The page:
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The Hyundai Tucson is Korea’s answer to segment heavyweights such as the Ford Escape and Honda CR-V. Priced from AED 81,000 to AED 110,000, the Tucson 2018 attempts to grab the attention of younger buyers by offering plenty of tech and an eye-catching design accompanied by a small price tag. Is the Tucson capable of holding a candle up to its more expensive American and Japanese rivals? Let’s find out…
More evolution, less revolution, the design of the third-generation Tucson stays true to previous models and retains its ability to attract second glances. Flaunting the bold hexagonal grille that has become a distinct part of the Korean brand’s design language, the Tucson is fitted with Daytime Running Lights, Xenon projector headlamps, and large 19-inch alloys wrapped around 245-section rubber.
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A letdown in comparison to the striking exterior, the cabin of the 2018 Tucson is home to plenty of hard plastics and limited passenger room. Although rear leg room is better than expected, and the rear A/C vents and reclining 60/40 split seats are worth highlighting, the lack of USB charging ports and limited rear headroom do come as an unpleasant surprise.
Safety & Tech
Although the GCC-spec variant of the Hyundai Tucson misses out on adaptive cruise control and autonomous braking, it’s still decently equipped with a lengthy spec sheet for proof. There’s a tire pressure monitoring system, blind spot monitoring, ventilated seats, a touchscreen navigation system, a panoramic roof and plenty more. Being a Hyundai, this isn’t particularly surprising, for they pride themselves on upping the competition on the technological front.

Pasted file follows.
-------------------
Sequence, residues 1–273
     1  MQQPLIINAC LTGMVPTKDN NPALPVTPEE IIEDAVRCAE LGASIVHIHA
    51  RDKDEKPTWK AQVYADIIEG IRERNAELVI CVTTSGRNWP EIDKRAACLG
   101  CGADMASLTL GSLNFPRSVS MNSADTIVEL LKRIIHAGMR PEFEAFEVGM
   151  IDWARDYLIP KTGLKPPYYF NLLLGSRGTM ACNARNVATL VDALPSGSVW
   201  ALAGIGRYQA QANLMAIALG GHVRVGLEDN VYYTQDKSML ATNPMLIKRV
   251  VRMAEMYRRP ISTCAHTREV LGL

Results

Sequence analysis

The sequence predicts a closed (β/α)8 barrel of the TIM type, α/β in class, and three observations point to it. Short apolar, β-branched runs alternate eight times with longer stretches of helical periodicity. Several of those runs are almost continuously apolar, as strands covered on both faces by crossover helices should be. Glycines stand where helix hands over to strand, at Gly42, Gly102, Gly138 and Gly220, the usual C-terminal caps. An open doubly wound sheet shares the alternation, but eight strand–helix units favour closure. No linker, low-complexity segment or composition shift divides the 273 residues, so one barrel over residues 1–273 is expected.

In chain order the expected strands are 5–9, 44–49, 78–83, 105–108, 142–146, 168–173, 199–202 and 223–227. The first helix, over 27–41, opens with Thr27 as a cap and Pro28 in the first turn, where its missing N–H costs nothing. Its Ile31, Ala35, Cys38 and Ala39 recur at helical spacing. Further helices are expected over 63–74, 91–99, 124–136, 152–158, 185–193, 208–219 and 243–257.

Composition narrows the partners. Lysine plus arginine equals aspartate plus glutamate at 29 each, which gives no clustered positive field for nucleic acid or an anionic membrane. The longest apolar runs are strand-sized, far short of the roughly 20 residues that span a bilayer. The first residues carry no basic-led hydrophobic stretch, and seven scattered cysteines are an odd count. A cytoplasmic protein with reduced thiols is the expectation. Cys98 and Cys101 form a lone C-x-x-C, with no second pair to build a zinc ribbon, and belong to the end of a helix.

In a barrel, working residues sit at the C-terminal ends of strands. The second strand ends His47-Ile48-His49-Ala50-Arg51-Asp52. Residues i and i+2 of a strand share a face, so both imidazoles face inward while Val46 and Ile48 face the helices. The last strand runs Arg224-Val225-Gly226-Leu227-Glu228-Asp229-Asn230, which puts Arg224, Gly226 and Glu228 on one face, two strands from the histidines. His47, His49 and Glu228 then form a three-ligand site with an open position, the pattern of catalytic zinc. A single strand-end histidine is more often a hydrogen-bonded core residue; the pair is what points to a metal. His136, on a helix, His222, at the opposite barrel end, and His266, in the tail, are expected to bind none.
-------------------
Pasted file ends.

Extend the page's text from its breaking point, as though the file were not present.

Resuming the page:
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Powered by a 2.0-liter 4-cylinder engine that produces 173 horsepower and 226 Nm of torque, the Tucson is the least powerful amongst its rivals. While drive modes include Eco, Normal, and Sport (with each of them altering the weight of the steering and how long the transmission holds on to gears), the Tucson is a comfortable city cruiser with a soft suspension set-up that we’ve come to know and love.
Despite being fitted with an electronically locking center differential, hill descent control and All Wheel Drive, the Tucson’s off-road aspirations are hindered by its limited ground clearance – meaning, anything larger than your average pavement will require some skill and courage to navigate. With a 6-speed automatic transmission heading the distribution of power, the Tucson averages 7.9-liters for every 100 km, which is good, for it sits between the CR-V at 6.8-liters and the Escape at 8.2-liters.
The Ford Escape, Honda CR-V and Hyundai Tucson all race off showroom floors for different reasons. Those who value driving dynamics, should turn away from the CR-V, ignore the Tucson and head straight for the turbocharged Escape in Ford’s showroom. Those who are big on comfort and require a comfortable second row, should close their eyes and sign their cheque for the Honda CR-V. As for the Tucson, well, it’s not the best but it is the most affordable, and that’s about all it has going for it.